Or some secreted island, Heaven knows where!
But in the very world, which is the world
Of all of us, — the place where, in the end,
We find our happiness, or not at all!

(Napoleon Bonaparte, 1791 – “Residence in France,” The Prelude, book 11. Found in Darrin McMahon’s Happiness: A History.)

I had been thinking about the title of this blog for a while now, and had considered “In this World”, weeks before I read the above quote from Napoleon’s essay, the essay that was ridiculed by the gatekeepers, and that possibly marked the end of his ambitions as a writer.

I’ve been thinking about blogging, or not blogging. About false starts, abandoned ideas, and ambitious reinventions. Thinking about the trope of the Great Adventure: the privilege of taking off into the wilderness to find oneself.

About what we give up, what we give.

What we take.

About narcissism, hubris, delusion.

And purpose.

About writing. Always about writing.

Excuses.


Recently, I read Alan Watts The Wisdom of Insecurity because a former student whom I admire a great deal recommended it to me. About a third of the way through, I couldn’t push from my mind the thought that I had already asked all these questions by the age of 12. About halfway through, I began to ask myself why I had stopped asking all these questions.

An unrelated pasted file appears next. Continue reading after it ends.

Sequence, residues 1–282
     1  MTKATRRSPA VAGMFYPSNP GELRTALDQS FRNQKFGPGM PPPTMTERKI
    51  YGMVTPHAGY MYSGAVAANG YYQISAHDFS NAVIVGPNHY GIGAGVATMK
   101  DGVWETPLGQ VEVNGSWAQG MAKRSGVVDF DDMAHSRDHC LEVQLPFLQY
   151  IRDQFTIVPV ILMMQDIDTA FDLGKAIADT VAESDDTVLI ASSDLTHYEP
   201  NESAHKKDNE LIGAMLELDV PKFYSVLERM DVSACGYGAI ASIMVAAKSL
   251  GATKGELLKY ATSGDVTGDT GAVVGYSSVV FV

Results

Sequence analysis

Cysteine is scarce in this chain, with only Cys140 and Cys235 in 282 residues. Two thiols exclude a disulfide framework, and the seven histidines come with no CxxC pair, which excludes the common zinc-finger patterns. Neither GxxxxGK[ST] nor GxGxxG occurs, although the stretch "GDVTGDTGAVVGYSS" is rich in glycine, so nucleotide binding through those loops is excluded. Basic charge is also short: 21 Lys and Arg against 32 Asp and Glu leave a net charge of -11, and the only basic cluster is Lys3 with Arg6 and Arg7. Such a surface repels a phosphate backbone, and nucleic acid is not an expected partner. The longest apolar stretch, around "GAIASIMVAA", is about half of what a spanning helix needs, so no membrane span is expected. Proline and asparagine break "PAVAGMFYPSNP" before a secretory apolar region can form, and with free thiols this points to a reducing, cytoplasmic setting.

Part of the answer lies in the fact that I read a lot as a kid, as a teenager, and as a young adult. And, obviously, people smarter than me were asking the questions already. In fact, every idea I ever had: someone had already been there – done that.

I’ve been waiting for pre-approval for my right to speak. Waiting for the gatekeepers to invite me in. But even when they did, and they have on occasion, I’ve felt like a fraud: exposed and vulnerable.

So this is me being brave. This is me, not walking the Camino, not spending a year at an ashram, but me living the life I have chosen, with all its routines, obligations, and joys.

This is me, moving on, finding inspiration in Sondheim:

– “I’ve nothing to say, nothing that hasn’t been said before.”
– “Not by you, George.” [from Sunday in the Park with George.]